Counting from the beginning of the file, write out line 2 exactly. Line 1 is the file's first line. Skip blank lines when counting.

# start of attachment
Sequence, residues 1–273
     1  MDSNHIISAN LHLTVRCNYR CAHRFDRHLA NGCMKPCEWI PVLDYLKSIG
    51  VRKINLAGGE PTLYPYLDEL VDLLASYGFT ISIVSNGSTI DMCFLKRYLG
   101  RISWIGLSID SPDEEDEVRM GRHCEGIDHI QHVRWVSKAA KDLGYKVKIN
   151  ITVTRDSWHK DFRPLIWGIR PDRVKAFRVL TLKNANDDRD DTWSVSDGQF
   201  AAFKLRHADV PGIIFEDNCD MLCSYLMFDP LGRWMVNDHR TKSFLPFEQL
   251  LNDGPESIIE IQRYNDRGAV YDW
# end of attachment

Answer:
     1  MDSNHIISAN LHLTVRCNYR CAHRFDRHLA NGCMKPCEWI PVLDYLKSIG